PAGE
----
I. Defendants’ Motion for Protective Order
Defendants move the Court for a protective order to preserve the privileges raised during
the deposition of Dr. Patton on February 25, 2014.
During the deposition, counsel for
Defendants directed Dr. Patton not to answer questions related to the following topics:
(1) the proceedings before the South Carolina Board of Medical Examiners, which
proceedings are confidential pursuant to S.C. Code Ann. §§ 40-1-190,1 40-47-110;
(2) the peer review conducted by East Cooper Hospital, because pursuant to the
provisions of S.C. Code Ann. § 40-71-20,2 documents, data, and information related
to a peer review proceeding are privileged and confidential; and
(3) the National Practice Data Bank (“NPDB”), because pursuant to 45 C.F.R. § 60.203
and § 60.18, information reported to NPDB is considered confidential and shall not
be disclosed outside of the Department of Health and Human Services except under
limited circumstances not present in this case.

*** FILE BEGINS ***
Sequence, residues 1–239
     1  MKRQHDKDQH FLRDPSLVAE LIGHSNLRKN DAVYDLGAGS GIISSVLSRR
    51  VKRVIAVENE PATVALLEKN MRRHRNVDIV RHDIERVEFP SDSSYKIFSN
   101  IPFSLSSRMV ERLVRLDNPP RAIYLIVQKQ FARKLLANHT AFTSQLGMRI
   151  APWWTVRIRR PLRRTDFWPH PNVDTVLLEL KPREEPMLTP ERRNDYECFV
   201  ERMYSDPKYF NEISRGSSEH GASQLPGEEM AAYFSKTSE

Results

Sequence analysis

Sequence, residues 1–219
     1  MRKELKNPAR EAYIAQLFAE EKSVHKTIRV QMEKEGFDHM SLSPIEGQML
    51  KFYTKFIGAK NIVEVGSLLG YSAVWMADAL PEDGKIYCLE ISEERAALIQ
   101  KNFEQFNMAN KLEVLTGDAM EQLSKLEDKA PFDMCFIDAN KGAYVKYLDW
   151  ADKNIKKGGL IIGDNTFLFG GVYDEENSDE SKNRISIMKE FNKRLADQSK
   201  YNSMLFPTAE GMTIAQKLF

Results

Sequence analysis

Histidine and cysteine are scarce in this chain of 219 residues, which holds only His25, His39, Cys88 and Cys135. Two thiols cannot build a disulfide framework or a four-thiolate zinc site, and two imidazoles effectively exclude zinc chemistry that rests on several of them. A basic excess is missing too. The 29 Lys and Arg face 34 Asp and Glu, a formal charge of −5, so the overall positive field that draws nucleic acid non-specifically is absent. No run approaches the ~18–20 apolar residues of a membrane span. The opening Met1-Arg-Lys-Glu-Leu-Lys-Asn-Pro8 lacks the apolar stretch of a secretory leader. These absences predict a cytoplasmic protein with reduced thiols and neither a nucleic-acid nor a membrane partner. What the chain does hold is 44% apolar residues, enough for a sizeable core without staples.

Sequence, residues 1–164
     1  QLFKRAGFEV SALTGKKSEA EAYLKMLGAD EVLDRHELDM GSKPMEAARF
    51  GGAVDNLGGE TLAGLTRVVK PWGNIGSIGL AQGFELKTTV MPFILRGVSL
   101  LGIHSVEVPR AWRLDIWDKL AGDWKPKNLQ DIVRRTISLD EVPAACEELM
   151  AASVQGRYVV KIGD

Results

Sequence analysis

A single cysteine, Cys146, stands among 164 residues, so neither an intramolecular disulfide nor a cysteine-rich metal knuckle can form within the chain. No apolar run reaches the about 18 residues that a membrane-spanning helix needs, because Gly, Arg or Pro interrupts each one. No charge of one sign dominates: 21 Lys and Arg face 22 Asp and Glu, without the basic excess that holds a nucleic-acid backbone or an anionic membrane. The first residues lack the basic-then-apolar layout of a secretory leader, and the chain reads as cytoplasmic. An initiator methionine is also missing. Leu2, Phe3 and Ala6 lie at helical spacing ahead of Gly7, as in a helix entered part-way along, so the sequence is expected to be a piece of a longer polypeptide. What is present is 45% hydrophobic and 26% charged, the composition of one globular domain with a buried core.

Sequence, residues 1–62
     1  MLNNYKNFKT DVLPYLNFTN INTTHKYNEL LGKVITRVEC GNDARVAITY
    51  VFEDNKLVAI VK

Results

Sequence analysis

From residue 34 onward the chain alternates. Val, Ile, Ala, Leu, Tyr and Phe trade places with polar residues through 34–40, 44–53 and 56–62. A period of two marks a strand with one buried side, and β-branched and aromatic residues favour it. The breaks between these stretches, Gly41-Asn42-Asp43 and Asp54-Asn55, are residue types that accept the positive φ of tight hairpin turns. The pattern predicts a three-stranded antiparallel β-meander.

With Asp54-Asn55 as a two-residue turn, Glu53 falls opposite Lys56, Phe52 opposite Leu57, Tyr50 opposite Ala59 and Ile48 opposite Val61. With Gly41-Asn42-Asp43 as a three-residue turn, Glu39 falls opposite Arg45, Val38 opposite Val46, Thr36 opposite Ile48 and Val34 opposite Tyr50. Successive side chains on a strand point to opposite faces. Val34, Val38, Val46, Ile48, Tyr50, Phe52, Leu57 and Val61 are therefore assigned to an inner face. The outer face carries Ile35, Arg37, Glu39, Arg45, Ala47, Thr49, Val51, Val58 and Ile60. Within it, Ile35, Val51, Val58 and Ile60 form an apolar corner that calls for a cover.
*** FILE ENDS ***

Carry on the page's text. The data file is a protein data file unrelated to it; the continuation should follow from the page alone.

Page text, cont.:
S.C. Code Ann. § 40-1-190(A) provides: “A communication, whether oral or written, made by or on behalf
of a person, to the director or board or a person designated by the director or board to investigate or hear matters
relating to discipline of a licensee, whether by way of complaint or testimony, is privileged and no action or
proceeding, civil or criminal, may be brought against the person, by or on whose behalf the communication is made,
except upon proof that the communication was made with malice.”
S.C. Code Ann. § 40-71-20(A) provides, in pertinent part: “All proceedings of and all data and information
acquired by the committee referred to in Section 40-71-10 in the exercise of its duties are confidential unless a